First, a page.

In the December issue of The Municipal, one of the stories we published called out some of the difficulties involved in fixing the country’s public pension crisis. We know how big the problem is. The question is now which measures should be taken to rectify it.
During the same forum in which Josh McGee and Adrian Moore of the Reason Foundation; former Utah Senator Dan Liljenquist; former San Diego City Council Member Carl DeMaio; and San Jose, Calif., Council Member Pete Constant discussed the challenges of the situation and shared success stories, forum members also outlined six steps for effecting a pension reform project. I’m not going to say that they are six easy steps, because if they were then we probably wouldn’t have wound up with a crisis in the first place. But they are effective, and not only that: They’re preemptive as well.
The suggestions were:
1. Research your pension problem by understanding the current liability and contribution structure; examine administration practices such as actuarial assumptions and disability approvals; pull existing labor contracts to understand the benefit structures; benchmark compensation and benefits to the local labor market; and compile examples of excessive payouts and/or underfunding and debt.
2. Examine options for reform by understanding the timetable for labor contract changes; explore avenues for implementing reform, such as legislative votes, public initiatives and legal challenges; and engage outside counsel to review case law, contract terms and reform options.
3. Create a coalition of reformers by identifying the power centers that drive government policy and that have a stake in local government, because independence from political pressure will be key. Create a small steering committee that will “own” the project, tap existing reform resources like the Reason Foundation, Arnold Foundation and others; and request “angel funding” for fiscal and legal analysis.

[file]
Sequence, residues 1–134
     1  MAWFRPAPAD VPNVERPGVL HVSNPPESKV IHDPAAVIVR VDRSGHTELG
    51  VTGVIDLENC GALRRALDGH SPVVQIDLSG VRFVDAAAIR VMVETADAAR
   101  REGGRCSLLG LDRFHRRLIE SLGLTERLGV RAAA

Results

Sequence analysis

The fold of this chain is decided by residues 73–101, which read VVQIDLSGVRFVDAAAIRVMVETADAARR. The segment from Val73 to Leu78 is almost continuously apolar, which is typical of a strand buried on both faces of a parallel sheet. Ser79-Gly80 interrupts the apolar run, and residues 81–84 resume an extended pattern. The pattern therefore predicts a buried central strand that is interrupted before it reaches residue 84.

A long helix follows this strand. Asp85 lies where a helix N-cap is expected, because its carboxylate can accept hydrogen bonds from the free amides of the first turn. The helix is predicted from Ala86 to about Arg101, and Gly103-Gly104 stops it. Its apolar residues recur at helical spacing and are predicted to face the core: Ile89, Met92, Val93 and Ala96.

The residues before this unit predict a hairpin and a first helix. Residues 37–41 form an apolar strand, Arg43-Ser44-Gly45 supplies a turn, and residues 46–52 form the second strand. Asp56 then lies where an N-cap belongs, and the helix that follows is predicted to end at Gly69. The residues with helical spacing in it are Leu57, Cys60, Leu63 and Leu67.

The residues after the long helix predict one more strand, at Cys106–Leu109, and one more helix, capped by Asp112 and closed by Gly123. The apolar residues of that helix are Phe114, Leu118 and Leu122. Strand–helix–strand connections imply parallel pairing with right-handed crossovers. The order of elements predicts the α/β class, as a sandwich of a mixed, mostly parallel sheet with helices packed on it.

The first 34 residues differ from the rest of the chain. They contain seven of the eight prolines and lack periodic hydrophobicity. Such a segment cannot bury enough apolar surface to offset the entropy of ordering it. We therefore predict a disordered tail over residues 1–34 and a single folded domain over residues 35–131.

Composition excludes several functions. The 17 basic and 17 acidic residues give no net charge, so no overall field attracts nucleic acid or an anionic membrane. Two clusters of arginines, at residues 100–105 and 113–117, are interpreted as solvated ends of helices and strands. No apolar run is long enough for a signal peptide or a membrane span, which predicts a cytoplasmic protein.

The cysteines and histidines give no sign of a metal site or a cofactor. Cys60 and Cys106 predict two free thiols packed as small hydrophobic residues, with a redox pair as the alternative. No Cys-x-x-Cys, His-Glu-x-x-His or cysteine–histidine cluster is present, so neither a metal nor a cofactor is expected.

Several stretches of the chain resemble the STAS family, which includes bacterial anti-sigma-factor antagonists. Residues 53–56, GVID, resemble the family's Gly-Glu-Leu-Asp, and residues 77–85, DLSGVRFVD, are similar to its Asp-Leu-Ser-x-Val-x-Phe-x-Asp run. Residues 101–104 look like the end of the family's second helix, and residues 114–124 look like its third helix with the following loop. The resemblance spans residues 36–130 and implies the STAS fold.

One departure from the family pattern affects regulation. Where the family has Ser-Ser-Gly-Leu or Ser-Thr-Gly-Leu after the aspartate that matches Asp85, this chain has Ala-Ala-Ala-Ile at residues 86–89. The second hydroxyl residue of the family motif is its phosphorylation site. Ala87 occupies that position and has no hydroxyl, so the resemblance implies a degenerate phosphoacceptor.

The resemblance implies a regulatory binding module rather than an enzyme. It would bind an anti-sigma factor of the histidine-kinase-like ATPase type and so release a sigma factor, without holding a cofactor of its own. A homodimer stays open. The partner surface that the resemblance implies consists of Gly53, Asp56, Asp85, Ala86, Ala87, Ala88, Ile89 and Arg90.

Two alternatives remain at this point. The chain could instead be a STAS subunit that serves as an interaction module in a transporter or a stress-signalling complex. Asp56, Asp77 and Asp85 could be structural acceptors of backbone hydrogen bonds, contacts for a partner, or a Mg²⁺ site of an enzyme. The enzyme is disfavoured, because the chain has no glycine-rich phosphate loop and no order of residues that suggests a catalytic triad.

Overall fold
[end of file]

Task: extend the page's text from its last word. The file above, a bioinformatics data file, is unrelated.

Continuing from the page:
4. Build the political and fiscal case. Consider testing the waters of government counsel and pension board on reform concepts; create summary materials that state the case for reform, with advance answers to objections; conduct polling on reform concepts to capture public support; commission actuaries to quantify the savings; and be prepared to address phony “transition cost” objections.
5. Engage elected leaders and labor unions by identifying one or more “sponsors” from among elected officials, both inside and outside of the government entity; brief all elected officials, even those who are inclined to oppose because this gives them the chance to get on board and make this their idea; and be clear on the consequences of not acting
6. Take your case public. First define the problem well, in part by engaging investigative reporters and editorial boards on the problems that were uncovered. Hold town hall meetings/hearings, which will also engage the public. Tell them where the money is going and what they’re sacrificing for these big pensions. Robocalls and emails in advance of key votes are also useful, as are endorsement surveys and scorecards of local groups. Once the problem is well-defined, reveal solutions. Be prepared for the fact that the “Decision Point” on reform is different for each jurisdiction and could be during labor negotiations, the usual legislative process, a ballot initiative, a court case, candidate elections or a combination of these.
Happy New Year, and best wishes on this issue and on all of your 2014 endeavors.